Wimbledon has seen many changes over the course of its life, from the demise of the wooden tennis racquet to the introduction of Hawk-eye. Here is our list of the five changes that have had the greatest affect on the Championships.
5. The tie-break
By the 1970s sport and television had become co-dependent, but one major problem was keeping games to some sort of schedule. In 1970 tennis introduced the tie-break – the first player to seven with a two point break. This greatly reduced the length of matches, making the tournament and schedule easier to plan. The tie-break was first used at Wimbledon in 1971 and the most famous tie-break was won by John McEnroe against Bjorn Borg in the 1980 men’s final.
4. The roof over Centre Court
When the roof is closed for the first time, probably at some stage during the 2009 Championships, it will mark another major development in Wimbledon’s history. The roof will allow play on Centre Court no matter the weather, which means the fans will always have something to watch, the TV will have something to broadcast, the media will have something to report and the Championships are no longer beholden to grey skies.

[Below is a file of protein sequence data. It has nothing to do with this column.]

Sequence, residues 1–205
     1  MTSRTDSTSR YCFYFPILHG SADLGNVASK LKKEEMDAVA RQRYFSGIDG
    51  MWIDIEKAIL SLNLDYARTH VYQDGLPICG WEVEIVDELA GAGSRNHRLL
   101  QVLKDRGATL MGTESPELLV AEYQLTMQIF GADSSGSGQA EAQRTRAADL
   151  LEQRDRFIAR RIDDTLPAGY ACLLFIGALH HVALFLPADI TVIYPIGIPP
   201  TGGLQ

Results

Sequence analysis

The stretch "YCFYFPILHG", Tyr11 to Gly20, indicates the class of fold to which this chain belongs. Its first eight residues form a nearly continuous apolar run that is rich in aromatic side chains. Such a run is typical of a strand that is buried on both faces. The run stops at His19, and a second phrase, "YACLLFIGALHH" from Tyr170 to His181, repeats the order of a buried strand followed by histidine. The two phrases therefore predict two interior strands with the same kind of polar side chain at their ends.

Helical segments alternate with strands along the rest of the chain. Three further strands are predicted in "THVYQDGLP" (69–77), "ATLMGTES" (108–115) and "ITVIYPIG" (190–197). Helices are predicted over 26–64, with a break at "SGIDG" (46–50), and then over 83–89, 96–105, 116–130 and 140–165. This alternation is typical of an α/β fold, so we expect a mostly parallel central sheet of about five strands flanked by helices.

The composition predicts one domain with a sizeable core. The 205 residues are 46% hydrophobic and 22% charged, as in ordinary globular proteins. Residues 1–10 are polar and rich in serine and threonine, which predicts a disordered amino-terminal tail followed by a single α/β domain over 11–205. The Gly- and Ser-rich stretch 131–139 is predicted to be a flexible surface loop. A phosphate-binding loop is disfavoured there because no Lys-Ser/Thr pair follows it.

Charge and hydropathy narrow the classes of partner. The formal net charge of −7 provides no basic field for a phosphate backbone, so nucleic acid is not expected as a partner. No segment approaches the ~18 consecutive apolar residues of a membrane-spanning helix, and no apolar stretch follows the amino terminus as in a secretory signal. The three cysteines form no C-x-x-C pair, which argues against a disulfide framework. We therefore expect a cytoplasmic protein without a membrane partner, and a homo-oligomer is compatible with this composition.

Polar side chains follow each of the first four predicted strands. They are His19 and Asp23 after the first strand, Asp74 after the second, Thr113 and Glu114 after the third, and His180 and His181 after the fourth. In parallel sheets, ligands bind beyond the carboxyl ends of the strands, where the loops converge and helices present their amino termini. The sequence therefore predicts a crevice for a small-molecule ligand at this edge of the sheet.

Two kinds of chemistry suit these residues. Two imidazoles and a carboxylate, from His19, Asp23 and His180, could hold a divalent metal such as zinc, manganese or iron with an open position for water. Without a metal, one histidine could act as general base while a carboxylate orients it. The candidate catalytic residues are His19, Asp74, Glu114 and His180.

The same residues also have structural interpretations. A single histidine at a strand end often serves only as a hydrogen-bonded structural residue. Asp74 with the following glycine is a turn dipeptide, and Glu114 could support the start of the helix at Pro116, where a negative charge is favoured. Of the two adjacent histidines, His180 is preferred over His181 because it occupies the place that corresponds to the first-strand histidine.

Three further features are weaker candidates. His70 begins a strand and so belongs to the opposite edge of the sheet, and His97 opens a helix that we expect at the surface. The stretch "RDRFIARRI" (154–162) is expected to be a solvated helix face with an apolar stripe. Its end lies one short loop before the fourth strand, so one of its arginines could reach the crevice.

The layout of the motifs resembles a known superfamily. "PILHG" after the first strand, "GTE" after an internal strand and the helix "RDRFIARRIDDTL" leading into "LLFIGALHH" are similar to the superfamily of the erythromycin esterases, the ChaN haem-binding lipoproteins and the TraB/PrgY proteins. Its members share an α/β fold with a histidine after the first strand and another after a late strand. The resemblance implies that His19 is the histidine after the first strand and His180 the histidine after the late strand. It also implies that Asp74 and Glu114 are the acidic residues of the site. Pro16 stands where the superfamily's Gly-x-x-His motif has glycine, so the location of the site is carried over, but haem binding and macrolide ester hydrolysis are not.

3. The Open era
In 1968 the Grand Slams abandoned the rule banning professionals. This meant players could now earn a living by playing tennis and still compete in the major tournaments; as more players turned pro it led to a torrent of new money flowing into the game and improvements in player fitness and standards.
2. BBC comes to Wimbledon
Play was televised for the first time in 1937 when matches were transmitted by the BBC from Centre Court for up to half an hour each day of the meeting. Last year some 762.1 million homes globally had access to part of the 11,509 hours of Wimbledon broadcast. Television has made a tennis tournament in a corner of London one of the world’s major sporting events.
1. Invention of the lawn mower
Prior to this invention the only way to maintain a sports field was by letting animals graze on it or to cut it with a scythe. Lawn mowers allowed the proper cultivation of a grass tennis court. How many goats and cows would it take to keep 18 grass courts to Wimbledon’s high standards? In fact, you could argue that Wimbledon owes its life to the lawn mower: according to Tim Harris in ‘Sport – Almost everything you ever wanted to know’ in 1877 the All England Club staged the first Championships to raise money for a new mower.